In this book, David B. Wong defends an ambitious and important new version of moral relativism. He does not espouse the type of relativism that says anything goes, but he does start with a relativist stance against alternative theories such that there need not be only one universal truth. Wong proposes that there can be a plurality of true moralities existing across different traditions and cultures, all with one core human question as to how we can all live (...) together. (shrink)
This essay explains the inescapability of moral demands. I deny that the individual has genuine reason to comply with these demands only if she has desires that would be served by doing so. Rather, the learning of moral reasons helps to shape and channel self- and other-interested motivations so as to facilitate and promote social cooperation. This shaping happens through the “embedding” of reasons in the intentional objects of motivational propensities. The dominance of the instrumental conception of reason, according to (...) which reasons must be based in desires of the individual, has made it harder to recognize that reasons shape desires. I attempt to undermine this dominance by arguing that the concept of a self that extends over time is constructed to meet the demands of social cooperation. Prudential reasons to act on behalf of the persisting self's desires are often taken to constitute the paradigm of reasons based on desires of the individual. But such reasons, along with the very concept of the persisting self, are constructed to promote human cooperation and to shape the individual's desires. (shrink)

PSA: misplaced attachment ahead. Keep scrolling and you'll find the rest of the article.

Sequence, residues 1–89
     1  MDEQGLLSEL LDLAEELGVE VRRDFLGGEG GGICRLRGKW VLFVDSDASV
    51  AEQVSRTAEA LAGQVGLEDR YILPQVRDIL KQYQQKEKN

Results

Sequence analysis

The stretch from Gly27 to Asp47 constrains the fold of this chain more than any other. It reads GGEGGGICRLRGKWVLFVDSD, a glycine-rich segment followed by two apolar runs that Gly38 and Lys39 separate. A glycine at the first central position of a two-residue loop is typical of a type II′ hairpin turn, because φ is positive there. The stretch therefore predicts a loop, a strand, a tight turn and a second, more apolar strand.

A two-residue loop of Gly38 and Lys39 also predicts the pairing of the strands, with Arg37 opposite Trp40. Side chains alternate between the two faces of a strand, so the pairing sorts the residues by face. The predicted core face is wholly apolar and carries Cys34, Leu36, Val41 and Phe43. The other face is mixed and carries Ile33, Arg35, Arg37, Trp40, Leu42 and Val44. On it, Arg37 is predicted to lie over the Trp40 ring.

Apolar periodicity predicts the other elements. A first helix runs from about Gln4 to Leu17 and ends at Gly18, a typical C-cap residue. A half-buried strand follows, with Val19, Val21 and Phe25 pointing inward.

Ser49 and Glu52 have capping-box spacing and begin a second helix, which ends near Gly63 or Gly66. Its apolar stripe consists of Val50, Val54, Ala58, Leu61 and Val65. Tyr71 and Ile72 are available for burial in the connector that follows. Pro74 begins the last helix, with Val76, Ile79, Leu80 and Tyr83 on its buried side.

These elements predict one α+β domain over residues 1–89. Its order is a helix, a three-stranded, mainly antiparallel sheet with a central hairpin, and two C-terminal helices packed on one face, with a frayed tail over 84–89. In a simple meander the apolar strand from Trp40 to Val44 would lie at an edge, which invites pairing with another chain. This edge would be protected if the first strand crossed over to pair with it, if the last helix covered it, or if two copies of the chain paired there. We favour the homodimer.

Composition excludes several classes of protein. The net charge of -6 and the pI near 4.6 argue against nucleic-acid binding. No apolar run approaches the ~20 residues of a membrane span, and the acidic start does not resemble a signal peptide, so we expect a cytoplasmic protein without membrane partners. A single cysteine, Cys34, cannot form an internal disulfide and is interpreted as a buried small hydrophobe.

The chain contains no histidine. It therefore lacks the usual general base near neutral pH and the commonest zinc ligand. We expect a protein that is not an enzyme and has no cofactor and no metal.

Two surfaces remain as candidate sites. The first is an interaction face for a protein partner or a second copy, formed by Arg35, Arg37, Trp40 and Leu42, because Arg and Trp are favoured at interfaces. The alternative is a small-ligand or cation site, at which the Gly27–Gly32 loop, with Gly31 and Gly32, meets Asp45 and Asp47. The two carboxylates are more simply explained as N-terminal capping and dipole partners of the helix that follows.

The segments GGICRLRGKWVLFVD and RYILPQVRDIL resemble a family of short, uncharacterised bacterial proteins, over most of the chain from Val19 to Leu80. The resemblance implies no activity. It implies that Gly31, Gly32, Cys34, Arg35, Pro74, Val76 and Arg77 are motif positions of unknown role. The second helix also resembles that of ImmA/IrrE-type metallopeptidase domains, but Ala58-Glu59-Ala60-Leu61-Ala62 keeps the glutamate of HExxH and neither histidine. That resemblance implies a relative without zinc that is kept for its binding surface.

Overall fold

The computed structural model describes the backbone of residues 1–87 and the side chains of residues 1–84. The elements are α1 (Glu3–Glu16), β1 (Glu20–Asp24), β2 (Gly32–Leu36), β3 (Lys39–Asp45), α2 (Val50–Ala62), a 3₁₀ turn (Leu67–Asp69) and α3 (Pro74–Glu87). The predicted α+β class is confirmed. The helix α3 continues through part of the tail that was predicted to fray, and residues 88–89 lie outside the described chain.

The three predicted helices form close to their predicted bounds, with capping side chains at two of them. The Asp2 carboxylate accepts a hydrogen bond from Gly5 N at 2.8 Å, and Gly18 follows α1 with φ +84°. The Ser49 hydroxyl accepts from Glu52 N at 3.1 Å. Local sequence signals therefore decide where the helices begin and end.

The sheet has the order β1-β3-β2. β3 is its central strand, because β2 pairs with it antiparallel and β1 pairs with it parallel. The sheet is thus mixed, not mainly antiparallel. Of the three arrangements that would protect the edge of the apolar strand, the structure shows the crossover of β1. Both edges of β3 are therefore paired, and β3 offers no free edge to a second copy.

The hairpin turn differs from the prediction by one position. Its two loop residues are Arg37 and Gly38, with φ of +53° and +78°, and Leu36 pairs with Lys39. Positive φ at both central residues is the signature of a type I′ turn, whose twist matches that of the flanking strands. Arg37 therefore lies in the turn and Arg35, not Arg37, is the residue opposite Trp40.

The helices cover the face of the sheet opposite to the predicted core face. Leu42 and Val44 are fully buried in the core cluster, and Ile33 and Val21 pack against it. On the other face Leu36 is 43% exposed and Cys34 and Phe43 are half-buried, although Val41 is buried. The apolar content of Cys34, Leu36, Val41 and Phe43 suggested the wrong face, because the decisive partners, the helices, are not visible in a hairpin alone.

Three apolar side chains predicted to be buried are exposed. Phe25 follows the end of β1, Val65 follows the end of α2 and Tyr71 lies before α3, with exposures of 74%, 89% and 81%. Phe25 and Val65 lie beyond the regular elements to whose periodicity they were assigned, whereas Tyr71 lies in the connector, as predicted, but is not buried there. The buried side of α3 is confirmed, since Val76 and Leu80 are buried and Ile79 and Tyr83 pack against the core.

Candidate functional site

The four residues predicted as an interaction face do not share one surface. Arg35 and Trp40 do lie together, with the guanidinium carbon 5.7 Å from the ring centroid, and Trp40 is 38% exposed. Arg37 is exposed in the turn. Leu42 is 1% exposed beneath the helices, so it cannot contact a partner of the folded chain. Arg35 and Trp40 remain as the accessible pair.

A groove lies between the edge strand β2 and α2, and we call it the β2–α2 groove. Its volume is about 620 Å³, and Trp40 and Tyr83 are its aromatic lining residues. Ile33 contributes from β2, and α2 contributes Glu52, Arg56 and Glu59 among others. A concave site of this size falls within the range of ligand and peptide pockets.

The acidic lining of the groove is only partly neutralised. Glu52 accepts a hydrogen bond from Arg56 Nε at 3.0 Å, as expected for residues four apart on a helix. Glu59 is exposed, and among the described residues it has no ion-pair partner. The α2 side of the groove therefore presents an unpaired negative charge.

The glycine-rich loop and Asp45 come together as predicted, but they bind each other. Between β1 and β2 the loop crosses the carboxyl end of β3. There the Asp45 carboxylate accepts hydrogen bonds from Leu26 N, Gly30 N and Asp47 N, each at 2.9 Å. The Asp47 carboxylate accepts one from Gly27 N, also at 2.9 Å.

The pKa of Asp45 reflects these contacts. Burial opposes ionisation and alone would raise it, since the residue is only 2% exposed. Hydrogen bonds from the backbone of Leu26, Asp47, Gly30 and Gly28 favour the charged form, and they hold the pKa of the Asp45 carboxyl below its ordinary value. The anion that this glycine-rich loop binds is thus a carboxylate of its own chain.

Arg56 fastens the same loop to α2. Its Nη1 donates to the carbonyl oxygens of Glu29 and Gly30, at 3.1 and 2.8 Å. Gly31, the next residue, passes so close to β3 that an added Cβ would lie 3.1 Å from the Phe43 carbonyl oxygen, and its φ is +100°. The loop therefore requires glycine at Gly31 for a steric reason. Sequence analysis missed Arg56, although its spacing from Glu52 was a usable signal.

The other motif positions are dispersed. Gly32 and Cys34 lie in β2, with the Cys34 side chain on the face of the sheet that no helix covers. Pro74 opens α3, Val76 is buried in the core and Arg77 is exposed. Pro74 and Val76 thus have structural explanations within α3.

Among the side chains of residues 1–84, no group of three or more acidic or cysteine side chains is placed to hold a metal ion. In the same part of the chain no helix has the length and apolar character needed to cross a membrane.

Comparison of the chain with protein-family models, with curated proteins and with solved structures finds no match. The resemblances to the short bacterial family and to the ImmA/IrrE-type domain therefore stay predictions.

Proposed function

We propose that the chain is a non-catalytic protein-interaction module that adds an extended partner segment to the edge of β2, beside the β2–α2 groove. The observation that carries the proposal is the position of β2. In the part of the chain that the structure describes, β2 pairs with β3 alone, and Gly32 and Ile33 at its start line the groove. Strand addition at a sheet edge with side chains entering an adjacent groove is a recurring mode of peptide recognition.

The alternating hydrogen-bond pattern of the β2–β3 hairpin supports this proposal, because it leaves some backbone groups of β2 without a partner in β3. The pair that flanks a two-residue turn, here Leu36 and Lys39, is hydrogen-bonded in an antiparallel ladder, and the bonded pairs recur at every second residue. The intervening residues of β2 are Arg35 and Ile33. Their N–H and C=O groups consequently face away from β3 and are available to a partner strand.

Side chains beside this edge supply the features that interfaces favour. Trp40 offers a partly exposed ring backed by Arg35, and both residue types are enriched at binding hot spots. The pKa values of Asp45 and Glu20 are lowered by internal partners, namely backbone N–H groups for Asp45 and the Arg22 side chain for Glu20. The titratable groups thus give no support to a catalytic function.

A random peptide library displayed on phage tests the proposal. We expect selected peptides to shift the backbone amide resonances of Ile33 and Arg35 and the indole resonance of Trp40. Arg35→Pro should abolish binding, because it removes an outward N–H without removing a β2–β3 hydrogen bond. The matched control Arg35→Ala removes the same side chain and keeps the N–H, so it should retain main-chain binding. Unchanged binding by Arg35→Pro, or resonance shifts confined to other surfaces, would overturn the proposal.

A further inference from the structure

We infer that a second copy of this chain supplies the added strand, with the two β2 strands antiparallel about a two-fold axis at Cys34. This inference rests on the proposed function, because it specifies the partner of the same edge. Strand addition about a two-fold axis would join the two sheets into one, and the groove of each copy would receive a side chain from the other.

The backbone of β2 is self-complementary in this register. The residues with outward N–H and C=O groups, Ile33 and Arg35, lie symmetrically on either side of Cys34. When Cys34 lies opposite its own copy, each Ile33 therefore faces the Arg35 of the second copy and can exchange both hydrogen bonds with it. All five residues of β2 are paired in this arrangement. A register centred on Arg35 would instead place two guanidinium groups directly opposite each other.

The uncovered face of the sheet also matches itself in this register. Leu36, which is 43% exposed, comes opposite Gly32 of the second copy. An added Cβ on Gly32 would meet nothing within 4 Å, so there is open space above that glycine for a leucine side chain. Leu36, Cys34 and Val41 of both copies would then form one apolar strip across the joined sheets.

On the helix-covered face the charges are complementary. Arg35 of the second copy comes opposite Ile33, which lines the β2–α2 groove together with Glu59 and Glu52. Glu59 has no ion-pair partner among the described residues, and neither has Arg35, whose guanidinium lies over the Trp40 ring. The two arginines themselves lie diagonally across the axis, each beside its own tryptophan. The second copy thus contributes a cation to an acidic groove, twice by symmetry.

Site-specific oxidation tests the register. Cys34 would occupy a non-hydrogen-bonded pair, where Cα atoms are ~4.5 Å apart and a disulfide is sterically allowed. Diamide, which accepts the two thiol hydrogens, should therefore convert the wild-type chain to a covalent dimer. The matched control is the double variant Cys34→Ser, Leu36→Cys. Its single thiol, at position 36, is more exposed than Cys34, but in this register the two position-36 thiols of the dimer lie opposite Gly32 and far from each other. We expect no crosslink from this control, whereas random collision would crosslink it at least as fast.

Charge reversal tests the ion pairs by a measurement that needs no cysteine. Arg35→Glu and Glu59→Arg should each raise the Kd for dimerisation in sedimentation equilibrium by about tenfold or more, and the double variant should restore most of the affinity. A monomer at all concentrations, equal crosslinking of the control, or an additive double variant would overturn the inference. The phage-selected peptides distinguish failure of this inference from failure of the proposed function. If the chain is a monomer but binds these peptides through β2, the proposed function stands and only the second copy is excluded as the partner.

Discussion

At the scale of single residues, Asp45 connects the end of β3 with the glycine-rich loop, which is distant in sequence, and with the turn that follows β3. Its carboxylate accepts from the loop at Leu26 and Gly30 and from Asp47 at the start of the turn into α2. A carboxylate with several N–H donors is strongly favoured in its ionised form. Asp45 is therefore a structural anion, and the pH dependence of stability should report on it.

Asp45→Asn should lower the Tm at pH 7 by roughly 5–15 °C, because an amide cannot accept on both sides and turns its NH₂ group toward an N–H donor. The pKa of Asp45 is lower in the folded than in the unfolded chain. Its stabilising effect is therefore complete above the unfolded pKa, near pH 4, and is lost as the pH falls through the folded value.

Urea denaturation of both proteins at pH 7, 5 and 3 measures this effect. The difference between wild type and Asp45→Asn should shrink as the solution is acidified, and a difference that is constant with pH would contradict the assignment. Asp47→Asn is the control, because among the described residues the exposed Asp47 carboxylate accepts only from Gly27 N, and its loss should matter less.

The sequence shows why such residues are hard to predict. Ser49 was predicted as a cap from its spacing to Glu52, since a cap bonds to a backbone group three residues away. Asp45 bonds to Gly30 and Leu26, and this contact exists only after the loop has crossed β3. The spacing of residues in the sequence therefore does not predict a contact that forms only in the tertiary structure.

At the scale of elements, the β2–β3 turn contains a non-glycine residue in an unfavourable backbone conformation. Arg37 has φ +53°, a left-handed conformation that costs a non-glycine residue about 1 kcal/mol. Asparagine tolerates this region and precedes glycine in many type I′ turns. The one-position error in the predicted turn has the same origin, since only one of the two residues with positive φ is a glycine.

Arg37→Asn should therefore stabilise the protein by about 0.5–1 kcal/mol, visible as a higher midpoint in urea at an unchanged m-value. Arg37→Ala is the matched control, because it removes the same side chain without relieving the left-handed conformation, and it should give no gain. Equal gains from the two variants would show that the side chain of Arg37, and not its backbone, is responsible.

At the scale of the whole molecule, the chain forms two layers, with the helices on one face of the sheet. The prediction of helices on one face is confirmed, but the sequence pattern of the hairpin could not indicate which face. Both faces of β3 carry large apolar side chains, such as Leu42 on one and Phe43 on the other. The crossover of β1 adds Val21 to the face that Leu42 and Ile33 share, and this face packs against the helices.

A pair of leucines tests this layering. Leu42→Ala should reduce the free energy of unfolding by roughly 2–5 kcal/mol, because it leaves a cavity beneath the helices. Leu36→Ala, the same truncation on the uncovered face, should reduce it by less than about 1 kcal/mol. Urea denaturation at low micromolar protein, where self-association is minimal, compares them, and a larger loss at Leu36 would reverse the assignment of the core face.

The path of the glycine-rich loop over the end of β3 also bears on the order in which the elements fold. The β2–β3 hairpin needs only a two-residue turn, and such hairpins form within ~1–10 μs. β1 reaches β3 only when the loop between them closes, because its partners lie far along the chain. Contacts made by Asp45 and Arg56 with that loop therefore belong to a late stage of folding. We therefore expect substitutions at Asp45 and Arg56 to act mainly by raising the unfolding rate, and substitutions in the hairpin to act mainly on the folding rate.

A major international consultancy firm identified ‘AI ethicist’ as an essential position for companies to successfully implement artificial intelligence (AI) at the start of 2019. It declares that AI ethicists are needed to help companies navigate the ethical and social issues raised by the use of AI. Top 5 AI hires companies need to succeed in 2019. The view that AI is beneficial but nonetheless potentially harmful to individuals and society is widely shared by the industry, academia, governments, and civil (...) society organizations. Accordingly and in order to realize its benefits while avoiding ethical pitfalls and harmful consequences, numerous initiatives have been established to a) examine the ethical, social, legal and political dimensions of AI and b) develop ethical guidelines and recommendations for design and implementation of AI. (shrink)